Even by then, the trail had become pretty much inaccessible. A major flood had destroyed a makeshift crossing over Cesna Creek, making it impassable, and as a consequence the trail fell into disuse. With the limited time we had, the plan was to explore the grove and see how far we could get along the main trail before turning around. The first thing we did was to walk the Douglas Fir Route, which is a 2 km loop through an extraordinary and venerable forest. There has been some conjecture about the age of this stand, but some core samples taken from other trees in the area suggest some may be as old as 1300 years. In any event, we weren’t disappointed, as the firs were inspiring to see!

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The thick bark of ancient firs is unmistakeable
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So much to discover!
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So what do you do when a tree falls in the forest?
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We just make it part of the trail!

The firs in the grove were immense in girth, with many over eight feet in diameter. Old growth Douglas Fir is becoming an increasingly rare sight in British Columbia, where most of it has already been logged. Growing conditions in the Elaho have certainly been ideal over the years, and as proof the forest here thrives very well.

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Pseudotsuga Menzieszi, the Douglas Fir
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There were many healthy trees that looked to be over 250 feet high, though height estimation is challenging when the rain is pouring so hard!
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Yet another giant
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After a while, we got used to the rain. That was easy, as we’ve had plenty of practice!
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If there’s one photo that sums up this day best, this just might be the one!

Though we only scratched the surface of this wilderness, it was easy to see why people worked so hard to save it. The Elaho-Meager trail had always been at nature’s mercy, inasmuch as the very forces that make it desirable have also served to caused its isolation. In recent years, the Meager Creek access has also been affected due to landslides and volcanic instability.  The long and the short of it? Now one of the most scenic trails in the province is unable to be enjoyed for the time being. There are no plans to repair the washout at Cesna Creek.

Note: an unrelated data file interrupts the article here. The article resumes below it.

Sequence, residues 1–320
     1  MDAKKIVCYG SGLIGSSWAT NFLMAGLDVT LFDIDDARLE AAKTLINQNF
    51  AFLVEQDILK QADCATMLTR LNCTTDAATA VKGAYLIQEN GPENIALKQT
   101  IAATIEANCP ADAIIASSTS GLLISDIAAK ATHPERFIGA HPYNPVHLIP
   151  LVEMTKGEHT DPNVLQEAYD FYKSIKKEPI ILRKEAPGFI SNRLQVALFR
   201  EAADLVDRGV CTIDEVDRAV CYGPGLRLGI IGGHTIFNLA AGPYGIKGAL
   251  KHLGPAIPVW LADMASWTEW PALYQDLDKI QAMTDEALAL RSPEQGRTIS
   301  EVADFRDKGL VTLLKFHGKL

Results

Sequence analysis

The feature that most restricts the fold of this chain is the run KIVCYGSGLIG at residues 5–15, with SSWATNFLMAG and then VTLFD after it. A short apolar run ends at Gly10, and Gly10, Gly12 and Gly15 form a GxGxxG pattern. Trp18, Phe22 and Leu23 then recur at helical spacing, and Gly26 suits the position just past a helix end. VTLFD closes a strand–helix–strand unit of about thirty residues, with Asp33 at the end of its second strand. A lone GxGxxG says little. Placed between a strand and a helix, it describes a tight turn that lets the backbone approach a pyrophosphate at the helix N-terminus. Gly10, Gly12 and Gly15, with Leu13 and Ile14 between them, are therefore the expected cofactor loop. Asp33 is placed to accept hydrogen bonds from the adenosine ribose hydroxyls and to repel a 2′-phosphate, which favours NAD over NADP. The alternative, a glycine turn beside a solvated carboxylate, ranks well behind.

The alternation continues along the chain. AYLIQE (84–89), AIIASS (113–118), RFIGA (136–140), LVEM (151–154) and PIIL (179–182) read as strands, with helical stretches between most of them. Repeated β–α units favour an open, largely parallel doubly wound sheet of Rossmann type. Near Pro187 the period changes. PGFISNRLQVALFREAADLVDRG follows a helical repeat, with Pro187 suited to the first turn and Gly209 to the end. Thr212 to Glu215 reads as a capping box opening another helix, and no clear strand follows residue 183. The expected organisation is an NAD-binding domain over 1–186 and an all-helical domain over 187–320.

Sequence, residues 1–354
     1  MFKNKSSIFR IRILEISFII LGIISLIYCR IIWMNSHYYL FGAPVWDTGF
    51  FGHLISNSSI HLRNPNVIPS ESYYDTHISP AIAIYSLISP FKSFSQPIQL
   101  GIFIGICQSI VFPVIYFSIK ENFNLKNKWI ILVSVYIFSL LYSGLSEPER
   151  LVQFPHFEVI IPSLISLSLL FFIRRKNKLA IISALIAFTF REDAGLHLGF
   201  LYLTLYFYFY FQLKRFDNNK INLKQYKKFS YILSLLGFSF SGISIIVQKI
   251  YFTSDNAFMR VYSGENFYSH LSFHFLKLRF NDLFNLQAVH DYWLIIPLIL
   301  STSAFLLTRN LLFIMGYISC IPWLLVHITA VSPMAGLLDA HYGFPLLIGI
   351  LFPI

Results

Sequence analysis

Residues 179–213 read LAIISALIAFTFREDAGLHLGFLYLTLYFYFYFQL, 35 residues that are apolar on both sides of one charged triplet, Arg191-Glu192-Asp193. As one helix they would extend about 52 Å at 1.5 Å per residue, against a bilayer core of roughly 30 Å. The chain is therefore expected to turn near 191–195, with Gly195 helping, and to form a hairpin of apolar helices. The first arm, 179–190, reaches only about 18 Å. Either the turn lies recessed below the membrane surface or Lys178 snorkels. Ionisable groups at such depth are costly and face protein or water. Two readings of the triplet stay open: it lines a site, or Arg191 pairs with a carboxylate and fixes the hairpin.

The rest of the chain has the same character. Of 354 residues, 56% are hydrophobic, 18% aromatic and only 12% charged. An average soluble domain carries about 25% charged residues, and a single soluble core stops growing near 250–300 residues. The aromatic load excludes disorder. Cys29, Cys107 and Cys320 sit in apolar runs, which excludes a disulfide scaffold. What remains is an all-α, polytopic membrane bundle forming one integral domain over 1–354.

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Having seen the trees, we now moved on to the main trail, which was, surprisingly, able to be followed quite reasonably. It led us through more old growth forest and a rocky, exposed area that looked a lot like a manicured rock garden.

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It seemed as though every rock had been carefully placed, somehow
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Delicate mosses and lichens
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This clearing led to the forest beyond, but soon we began our hike back to the trailhead
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Our turnaround spot, as the rain intensified!

Once we turned around, it was a fairly short jaunt back to the Jeep, where again we studied the maps. According to the Backroads Mapbook, the Elaho Giant looked as though it was within shouting distance of the road. It took us just another twenty minutes to locate, and fortunately at the time, the forest nearby had also been spared from logging.

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The shadowy Elaho Giant was a standout on the dreariest of days

 

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We had expected quite a battle to find this tree!
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An unforgettable tree

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The bark of the Elaho Giant

Well, it’s said that all good things must come to an end. An optimist by nature, I’m always reluctant to admit that, but I do understand that life has no guarantees. Our brief sojourn into the Elaho Valley ended several hours later, jarred by the reality of returning to the all too familiar signs of civilization. The downpour persisted, as though it felt the need to escort us, and we managed a few stops on the way that almost helped ease us back into humanity, as it were.

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Squamish River
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A last look
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Cliffs below Cloudburst Mountain

The Elaho Giant, years later, was not as fortunate as we were. Its roots, thought only to be badly charred in that fire of June 2015, were later found to have incinerated, as it was  discovered in 2016 that the tree had finally died. A life of  a thousand years in such an idyllic place must certainly have been fulfilling, but I could not help wishing the tree had lived longer.  I did, however, take solace in knowing that its birthplace remains wild and untamed. Twelve years have passed since that cold and rainy November day in 2007, and though we’ve yet to return, I will always remember the Elaho.